Tuesday, December 13, 2016

December Top 40 Rogue One, Sinatra, Brian Wilson, Kenny Selcer, April Martin, Marty Balin and more

Joe Viglione's Interview with star Felicity Jones


Rogue One: A Star Wars Story

Review by Joe Viglione

Forty-one year old director Gareth Edwards (Godzilla, 2014; Monsters 2010,) inspired by the Star Wars franchise according to IMDB (he was born two years before the 1977 release of the very first George Lucas film in the series) sets an amazing tone with the opening shots which feature appealingly large Saturn rings, exotic cinematography and futuristic esoterica which delves into a dark, creepy, eerie – quite scary – feeling of imminent doom.   Star Wars, after all, is as much a horror movie as it is science fiction.  With Christopher Lee and Peter Cushing tied in to the series, Lucas indeed created a revved up old-time serial taking the 1936 13-part Flash Gordon story idea into a new dimension. Adding Cushing and Lee, the Karloff/Lugosi of the next generation, was pure “give the people what they want,” which is why Star Wars, like Star Trek, is so successful.   There is also a cleansing going on with this 2016 film, purging the awful experiences that were delivered in 1999’s Episode 1: The Phantom Menace, 2002’s Attack of the Clones and 2005’s Revenge of the Sith.  Those three “prequels” were as beautifully filmed as they were empty with some terribly forced acting and an arrogance that derailed the fun and excitement of 77’s Star Wars, 80’s The Empire Strikes Back and 83’s The Return of the Jedi.

To put it all into its proper context, thirty nine years after the initial blasts from the Death Star comes a film that is as good as the first three.  It is even better than The Force Awakens which by any standard was a mere reboot, not actually something that added to the franchise in any way other than it brought things back on track, got serious again, generating anticipation for the next phase of the blockbuster series/serial/anthology.

*  *  *   *   *

Rogue One is the critical space in between the saga, connecting Revenge of the Sith – the best of the three prequels – to Star Wars 1977, the “new hope.”   Director Edwards hits a grand slam, giving an even darker look at the perpetual war, the Emperor’s Hitler-like approach to domination of the universe (forget a few galaxies, they were going for the whole enchilada) and James Earl Jones indulging in a unique savagery as Darth Vader. It is a Deep Dark Vader here, more terrifying, more villainous, as out of control in his obsession as Ricardo Montalban in The Wrath of Khan.  Much, much better than The Force Awakens, the serious dominance of the empire, the plight of the rebels – and the dissension amongst them – something unseen up to this point in time, all brilliantly written and delivered with a vengeance.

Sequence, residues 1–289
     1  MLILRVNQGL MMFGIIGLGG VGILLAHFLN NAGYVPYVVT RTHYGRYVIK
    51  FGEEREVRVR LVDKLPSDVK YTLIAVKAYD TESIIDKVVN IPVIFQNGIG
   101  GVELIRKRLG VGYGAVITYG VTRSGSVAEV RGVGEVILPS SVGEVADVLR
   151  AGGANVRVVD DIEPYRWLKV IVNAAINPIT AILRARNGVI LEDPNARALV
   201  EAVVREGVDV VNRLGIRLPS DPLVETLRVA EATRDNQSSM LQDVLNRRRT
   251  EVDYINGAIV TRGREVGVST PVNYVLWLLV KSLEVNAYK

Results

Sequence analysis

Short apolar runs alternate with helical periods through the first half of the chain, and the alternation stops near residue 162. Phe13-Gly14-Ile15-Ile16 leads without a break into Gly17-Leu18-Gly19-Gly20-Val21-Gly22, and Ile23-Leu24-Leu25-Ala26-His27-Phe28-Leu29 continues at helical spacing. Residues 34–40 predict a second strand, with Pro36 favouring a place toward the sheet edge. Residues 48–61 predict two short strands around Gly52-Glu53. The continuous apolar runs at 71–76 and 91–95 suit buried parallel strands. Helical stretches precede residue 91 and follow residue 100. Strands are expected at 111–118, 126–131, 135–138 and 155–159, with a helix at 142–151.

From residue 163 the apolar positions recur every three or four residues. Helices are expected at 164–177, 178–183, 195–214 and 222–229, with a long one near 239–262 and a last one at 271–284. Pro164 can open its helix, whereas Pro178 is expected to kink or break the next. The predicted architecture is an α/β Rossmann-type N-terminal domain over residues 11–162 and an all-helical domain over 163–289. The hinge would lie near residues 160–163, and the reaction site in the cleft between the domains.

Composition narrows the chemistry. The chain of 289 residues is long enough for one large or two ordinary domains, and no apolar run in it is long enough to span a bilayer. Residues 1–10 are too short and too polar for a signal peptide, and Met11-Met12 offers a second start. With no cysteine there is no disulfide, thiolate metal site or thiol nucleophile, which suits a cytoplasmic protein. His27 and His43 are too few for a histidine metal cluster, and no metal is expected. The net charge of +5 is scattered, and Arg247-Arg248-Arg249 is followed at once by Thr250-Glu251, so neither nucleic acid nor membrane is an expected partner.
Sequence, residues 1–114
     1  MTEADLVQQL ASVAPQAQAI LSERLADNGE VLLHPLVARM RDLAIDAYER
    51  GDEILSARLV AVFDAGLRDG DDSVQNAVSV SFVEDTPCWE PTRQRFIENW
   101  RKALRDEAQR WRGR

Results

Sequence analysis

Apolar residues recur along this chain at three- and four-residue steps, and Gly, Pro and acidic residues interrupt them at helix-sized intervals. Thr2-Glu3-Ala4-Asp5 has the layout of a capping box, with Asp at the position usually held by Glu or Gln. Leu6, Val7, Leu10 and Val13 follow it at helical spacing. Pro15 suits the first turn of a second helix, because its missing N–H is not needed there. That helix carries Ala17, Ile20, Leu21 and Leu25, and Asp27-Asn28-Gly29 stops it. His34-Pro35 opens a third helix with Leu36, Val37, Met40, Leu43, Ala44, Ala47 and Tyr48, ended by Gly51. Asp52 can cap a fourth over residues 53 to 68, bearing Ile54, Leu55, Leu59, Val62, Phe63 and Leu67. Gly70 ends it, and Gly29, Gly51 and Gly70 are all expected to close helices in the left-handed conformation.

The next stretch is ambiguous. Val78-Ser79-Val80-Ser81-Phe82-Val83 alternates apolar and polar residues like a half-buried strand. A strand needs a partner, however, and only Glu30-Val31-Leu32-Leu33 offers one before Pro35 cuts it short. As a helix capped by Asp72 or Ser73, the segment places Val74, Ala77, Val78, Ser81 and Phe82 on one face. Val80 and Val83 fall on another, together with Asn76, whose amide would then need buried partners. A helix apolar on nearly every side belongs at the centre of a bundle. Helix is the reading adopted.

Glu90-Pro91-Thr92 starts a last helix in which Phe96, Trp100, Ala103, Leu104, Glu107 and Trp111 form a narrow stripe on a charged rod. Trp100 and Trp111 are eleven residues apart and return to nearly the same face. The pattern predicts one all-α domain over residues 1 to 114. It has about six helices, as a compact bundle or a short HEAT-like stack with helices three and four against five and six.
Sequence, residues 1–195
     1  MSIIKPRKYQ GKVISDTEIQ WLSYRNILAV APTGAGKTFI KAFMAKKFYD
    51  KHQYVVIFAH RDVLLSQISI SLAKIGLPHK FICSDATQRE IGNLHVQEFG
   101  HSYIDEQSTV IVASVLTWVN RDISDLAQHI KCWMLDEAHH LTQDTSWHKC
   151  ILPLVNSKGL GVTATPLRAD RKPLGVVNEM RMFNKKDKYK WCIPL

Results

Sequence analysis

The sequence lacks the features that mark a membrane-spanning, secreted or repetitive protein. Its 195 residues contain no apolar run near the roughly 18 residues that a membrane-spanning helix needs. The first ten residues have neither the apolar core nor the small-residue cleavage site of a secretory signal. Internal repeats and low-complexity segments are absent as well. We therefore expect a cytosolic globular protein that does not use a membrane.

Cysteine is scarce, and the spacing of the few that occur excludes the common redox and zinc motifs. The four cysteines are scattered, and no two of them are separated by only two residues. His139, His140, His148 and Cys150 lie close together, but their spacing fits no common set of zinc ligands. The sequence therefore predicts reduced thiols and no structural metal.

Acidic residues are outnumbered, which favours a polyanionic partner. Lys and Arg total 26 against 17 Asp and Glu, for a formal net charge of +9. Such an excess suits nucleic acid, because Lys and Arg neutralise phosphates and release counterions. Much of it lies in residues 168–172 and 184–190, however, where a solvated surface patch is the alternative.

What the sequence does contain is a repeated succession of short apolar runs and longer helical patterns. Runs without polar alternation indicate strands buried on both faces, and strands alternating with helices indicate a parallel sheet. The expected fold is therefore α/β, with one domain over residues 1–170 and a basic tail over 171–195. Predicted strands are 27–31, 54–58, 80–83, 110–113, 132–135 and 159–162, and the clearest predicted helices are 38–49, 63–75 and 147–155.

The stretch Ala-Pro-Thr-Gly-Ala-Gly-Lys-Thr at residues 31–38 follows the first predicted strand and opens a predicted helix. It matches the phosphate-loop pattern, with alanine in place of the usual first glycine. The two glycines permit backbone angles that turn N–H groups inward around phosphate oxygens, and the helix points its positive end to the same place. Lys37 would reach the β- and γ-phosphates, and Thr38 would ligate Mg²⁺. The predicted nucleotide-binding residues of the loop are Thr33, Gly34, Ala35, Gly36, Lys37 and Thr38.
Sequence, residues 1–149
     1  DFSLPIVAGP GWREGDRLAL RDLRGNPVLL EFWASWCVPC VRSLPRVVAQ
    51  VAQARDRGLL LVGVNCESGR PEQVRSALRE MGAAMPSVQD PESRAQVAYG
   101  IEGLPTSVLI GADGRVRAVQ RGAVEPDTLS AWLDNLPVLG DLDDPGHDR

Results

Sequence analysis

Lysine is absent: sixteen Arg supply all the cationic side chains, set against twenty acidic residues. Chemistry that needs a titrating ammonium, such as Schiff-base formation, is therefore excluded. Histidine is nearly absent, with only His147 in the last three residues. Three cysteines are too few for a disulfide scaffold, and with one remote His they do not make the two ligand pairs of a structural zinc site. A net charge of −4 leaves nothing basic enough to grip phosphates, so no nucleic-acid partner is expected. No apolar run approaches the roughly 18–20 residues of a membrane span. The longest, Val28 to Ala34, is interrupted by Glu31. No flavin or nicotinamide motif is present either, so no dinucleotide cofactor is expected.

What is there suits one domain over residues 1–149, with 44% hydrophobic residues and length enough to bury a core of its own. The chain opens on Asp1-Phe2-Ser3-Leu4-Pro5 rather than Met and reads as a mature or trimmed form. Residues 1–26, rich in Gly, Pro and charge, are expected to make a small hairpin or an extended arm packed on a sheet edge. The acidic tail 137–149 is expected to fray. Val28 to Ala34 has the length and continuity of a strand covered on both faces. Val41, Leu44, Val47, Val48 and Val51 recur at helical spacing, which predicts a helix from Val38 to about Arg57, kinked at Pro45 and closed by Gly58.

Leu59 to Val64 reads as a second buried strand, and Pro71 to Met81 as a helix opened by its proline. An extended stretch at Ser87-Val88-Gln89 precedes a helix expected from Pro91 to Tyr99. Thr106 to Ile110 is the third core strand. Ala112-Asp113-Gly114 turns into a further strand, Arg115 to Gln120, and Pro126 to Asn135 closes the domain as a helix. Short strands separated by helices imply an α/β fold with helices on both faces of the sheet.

This is an adult science fiction movie keeping a lid on the humor provided by Anthony Daniels’ CP30 – C-3PO – Co3P (it’s C-3PO) making just a cameo. The levity is brought to you by a new main character, a reconfigured Empire droid K-2SO (played by Zootopia’s Alan Tudyk )  It is one of two elements taken directly from the Terminator series. In 2003’s Terminator 3: Rise of the Machines - where Sarah Connor sends back a reprogrammed T-850, Model 101 (Arnold Schwarzenegger,) the rebels in that film turned their opponents' strength against them. Same here as the  K-2S0 mimics some of the same C-3PO one-liners, but does so in a tongue-of-cheek way (a clever tongue-in-cheek, if you will) which adds to the film’s charm.  That is to say, no Jar Jar Binks or Ewoks or Wookies.  

This is serious stuff, leave the children at home.   You won’t be troubled by a ten year old Jake Lloyd playing young Anakin Skywalker (as bad a performance as Hayden Christiansen who followed as the twenty-something Anakin, or – (back to the world of Schwarzenegger) the awful acting in 1993’s Last Action Hero by child actor Austin O’Brien. This is a story about the Force.   It gets down to business and is what Star Wars was (and still is) supposed to be about, domination, rebellion and blowing things up.

The other “borrow” from Terminator, this one the Christian Bale / Sam Worthington 2009 Terminator Salvation, was when the audience applauded to see the CGI Arnold come to life.  

  We are only going to see lots more of this in the future with digital resurrections of Frank Sinatra, Michael Jackson, Jimi Hendrix – and, perhaps, a JFK president with hologram to go along with its infinite capacity computer brain.   Thus, a famous, late actor from the Hammer Film studios entertains us again - after the fact, and it is worth the price of admission.